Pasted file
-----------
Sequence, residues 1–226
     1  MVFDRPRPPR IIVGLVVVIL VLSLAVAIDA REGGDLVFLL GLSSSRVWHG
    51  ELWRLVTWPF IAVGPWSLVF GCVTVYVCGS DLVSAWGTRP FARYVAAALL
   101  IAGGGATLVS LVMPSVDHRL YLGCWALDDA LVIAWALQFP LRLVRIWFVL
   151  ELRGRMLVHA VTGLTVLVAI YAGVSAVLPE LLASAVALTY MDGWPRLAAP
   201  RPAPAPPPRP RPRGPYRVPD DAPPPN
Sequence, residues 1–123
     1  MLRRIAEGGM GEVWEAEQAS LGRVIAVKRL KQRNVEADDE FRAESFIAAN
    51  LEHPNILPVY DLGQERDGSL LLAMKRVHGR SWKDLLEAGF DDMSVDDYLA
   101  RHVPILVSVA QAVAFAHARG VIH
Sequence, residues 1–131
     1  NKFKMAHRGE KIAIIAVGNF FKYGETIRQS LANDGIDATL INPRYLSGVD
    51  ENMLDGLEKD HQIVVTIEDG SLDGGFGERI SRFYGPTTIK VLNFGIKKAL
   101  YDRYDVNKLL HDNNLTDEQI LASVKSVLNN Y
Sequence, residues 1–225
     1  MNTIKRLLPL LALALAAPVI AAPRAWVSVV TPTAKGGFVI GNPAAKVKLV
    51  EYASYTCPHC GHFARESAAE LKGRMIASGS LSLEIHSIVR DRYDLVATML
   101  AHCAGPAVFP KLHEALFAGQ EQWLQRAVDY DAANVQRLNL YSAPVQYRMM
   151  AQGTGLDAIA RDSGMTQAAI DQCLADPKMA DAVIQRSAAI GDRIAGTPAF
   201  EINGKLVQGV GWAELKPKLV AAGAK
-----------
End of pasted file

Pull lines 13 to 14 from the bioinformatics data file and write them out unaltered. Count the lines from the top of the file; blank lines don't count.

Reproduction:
    51  ENMLDGLEKD HQIVVTIEDG SLDGGFGERI SRFYGPTTIK VLNFGIKKAL
   101  YDRYDVNKLL HDNNLTDEQI LASVKSVLNN Y